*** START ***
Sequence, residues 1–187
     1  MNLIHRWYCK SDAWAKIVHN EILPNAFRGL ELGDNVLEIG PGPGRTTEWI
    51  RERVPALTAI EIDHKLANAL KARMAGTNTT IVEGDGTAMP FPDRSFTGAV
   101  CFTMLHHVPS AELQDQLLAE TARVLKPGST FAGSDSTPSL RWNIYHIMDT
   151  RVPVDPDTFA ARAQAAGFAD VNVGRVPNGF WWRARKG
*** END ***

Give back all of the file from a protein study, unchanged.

Sequence, residues 1–187
     1  MNLIHRWYCK SDAWAKIVHN EILPNAFRGL ELGDNVLEIG PGPGRTTEWI
    51  RERVPALTAI EIDHKLANAL KARMAGTNTT IVEGDGTAMP FPDRSFTGAV
   101  CFTMLHHVPS AELQDQLLAE TARVLKPGST FAGSDSTPSL RWNIYHIMDT
   151  RVPVDPDTFA ARAQAAGFAD VNVGRVPNGF WWRARKG